Some artists/musicians/writers/etc can adjust to the new form...some...don't. Maybe they can't, maybe they don't want to...but some don't. Your Castlevania examples is a good one...one of the most egregious I can think of is Knights of the Old Republic 1, they put in this epic, cinematic Star Wars fight music...but was really awkward in the game. That music was really goal oriented, very much built around a beginning, middle, end. And when battles when really long? The music looped, but wasn't built to loop and sounded awkward. When the battle was really short? It just cut off before then end of the cadential sequence. I thought...oof...film composer who doesn't know how to compose for the needs of video games. Other examples is when a video game hires a big name actor to do the voice work...but that big name actor is not a voice actor and their performance was really expensive...and bad. That has happened quite a few times.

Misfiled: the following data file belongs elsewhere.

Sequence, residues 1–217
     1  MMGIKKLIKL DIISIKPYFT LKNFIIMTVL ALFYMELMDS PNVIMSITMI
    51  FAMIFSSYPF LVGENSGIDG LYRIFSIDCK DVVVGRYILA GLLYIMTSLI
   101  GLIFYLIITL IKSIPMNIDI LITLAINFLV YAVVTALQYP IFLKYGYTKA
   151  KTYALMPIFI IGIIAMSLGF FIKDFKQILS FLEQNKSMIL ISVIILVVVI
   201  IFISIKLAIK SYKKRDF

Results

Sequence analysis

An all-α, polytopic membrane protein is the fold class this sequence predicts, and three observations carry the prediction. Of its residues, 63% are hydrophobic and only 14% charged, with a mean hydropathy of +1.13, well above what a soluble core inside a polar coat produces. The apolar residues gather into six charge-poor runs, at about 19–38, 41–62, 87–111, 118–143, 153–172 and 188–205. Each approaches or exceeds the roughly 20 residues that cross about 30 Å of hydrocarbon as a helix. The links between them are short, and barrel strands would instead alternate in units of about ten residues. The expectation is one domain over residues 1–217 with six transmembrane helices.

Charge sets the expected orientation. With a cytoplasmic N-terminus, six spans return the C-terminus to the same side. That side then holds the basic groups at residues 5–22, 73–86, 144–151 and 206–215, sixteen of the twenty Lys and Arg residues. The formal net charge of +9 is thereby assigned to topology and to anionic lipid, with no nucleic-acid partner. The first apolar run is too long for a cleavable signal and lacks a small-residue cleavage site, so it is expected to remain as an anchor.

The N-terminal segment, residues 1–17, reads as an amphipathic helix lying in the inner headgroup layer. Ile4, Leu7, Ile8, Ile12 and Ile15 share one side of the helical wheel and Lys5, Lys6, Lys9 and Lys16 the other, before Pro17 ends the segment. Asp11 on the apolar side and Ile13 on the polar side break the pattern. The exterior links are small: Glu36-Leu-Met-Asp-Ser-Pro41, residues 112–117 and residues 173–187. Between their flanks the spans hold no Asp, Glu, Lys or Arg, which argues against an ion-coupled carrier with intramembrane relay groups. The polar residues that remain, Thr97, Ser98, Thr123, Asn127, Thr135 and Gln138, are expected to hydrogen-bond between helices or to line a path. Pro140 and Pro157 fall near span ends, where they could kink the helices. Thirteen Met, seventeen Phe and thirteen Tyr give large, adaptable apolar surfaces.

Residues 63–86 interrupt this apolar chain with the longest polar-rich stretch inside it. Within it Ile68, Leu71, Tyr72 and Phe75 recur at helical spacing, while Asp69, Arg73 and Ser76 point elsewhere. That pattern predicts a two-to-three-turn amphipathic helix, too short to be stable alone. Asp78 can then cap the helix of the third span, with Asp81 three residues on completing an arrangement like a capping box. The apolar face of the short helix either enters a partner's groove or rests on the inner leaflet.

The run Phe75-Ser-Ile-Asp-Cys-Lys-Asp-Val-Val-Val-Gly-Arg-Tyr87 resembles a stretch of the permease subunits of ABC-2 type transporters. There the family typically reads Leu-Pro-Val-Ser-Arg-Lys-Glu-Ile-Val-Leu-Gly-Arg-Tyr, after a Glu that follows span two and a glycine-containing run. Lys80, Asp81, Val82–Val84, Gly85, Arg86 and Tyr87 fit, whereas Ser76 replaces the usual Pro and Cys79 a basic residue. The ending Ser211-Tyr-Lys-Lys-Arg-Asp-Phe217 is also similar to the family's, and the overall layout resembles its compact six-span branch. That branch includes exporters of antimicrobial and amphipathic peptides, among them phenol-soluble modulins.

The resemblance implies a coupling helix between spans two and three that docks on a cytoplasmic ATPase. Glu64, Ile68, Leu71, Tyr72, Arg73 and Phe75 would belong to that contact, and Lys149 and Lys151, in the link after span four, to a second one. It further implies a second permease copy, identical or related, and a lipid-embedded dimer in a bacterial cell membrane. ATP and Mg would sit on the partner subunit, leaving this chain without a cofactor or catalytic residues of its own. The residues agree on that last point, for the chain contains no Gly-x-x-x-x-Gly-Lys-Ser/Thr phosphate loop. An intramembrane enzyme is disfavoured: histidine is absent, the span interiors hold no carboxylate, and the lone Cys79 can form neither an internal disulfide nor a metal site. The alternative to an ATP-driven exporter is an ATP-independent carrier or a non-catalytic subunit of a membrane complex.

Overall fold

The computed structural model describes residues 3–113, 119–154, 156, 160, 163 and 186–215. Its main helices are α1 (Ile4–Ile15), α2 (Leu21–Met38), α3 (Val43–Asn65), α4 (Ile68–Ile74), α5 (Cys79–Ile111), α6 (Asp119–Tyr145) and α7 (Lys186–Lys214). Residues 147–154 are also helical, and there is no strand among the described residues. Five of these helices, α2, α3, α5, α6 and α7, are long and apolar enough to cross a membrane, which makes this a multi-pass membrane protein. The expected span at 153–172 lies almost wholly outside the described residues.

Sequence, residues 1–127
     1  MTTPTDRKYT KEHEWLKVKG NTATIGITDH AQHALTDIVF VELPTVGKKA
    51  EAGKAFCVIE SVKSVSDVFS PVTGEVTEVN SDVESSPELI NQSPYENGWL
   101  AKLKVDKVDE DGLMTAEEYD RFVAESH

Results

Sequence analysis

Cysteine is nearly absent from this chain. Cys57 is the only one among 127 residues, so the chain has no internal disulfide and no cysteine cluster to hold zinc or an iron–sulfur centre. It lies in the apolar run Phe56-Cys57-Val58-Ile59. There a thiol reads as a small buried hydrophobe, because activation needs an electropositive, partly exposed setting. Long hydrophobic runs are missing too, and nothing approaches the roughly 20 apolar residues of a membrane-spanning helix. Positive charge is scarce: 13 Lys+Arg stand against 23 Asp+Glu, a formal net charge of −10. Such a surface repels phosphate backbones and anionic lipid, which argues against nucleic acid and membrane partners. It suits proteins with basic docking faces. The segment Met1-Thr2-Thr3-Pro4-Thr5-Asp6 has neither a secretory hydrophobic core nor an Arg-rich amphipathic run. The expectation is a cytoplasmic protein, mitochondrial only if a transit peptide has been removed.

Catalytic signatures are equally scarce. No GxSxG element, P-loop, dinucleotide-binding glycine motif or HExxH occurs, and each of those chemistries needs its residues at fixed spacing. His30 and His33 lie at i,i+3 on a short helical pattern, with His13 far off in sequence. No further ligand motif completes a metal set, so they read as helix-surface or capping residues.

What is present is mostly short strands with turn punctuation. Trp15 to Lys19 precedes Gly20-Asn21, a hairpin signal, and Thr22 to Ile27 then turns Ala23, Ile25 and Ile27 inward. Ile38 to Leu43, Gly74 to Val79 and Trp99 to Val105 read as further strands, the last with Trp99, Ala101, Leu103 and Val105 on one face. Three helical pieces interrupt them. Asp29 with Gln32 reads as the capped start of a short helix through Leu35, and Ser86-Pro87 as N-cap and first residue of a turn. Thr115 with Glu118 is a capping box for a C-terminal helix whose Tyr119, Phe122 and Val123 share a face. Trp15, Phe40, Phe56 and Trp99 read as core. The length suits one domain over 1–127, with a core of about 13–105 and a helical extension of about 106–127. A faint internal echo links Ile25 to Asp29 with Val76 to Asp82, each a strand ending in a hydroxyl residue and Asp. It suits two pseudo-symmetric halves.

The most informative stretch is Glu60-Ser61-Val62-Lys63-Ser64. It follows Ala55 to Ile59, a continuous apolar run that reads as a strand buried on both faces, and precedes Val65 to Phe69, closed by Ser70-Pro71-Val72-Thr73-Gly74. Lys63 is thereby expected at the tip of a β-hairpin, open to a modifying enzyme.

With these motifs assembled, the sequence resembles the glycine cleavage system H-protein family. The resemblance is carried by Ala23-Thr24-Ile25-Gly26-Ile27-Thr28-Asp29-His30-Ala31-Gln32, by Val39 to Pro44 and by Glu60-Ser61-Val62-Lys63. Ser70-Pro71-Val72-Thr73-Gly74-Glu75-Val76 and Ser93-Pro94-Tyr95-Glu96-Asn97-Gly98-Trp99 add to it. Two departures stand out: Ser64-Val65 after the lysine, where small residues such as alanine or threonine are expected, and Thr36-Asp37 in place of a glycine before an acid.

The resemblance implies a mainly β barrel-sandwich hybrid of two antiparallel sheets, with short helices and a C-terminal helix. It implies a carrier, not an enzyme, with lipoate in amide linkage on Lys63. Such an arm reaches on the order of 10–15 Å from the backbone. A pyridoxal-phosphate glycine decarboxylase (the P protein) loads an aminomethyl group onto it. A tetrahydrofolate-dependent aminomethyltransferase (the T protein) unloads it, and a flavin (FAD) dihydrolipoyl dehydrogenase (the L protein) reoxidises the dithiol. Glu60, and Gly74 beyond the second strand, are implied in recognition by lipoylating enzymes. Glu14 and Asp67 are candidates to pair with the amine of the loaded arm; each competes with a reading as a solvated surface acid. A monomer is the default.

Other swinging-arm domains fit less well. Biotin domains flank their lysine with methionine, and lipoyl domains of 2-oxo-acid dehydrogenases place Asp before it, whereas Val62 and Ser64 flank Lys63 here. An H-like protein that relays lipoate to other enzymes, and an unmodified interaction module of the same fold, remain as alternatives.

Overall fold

Now, it doesn't always happen and there are lots of film actors who are also good at voiceover work. And there are anime/manga/comic book/etc artists who are good doing sprites. And there are film composers who are good at video game scores, etc. My point was simply that really expensive people are not *always* better than cheaper people for the particular medium. This is the counterpoint to me wanting more professional people here. Yes I want more professional people here (who are often more expensive)...but I also want to note that just because a person is expensive doesn't mean they'll be great doing VNs.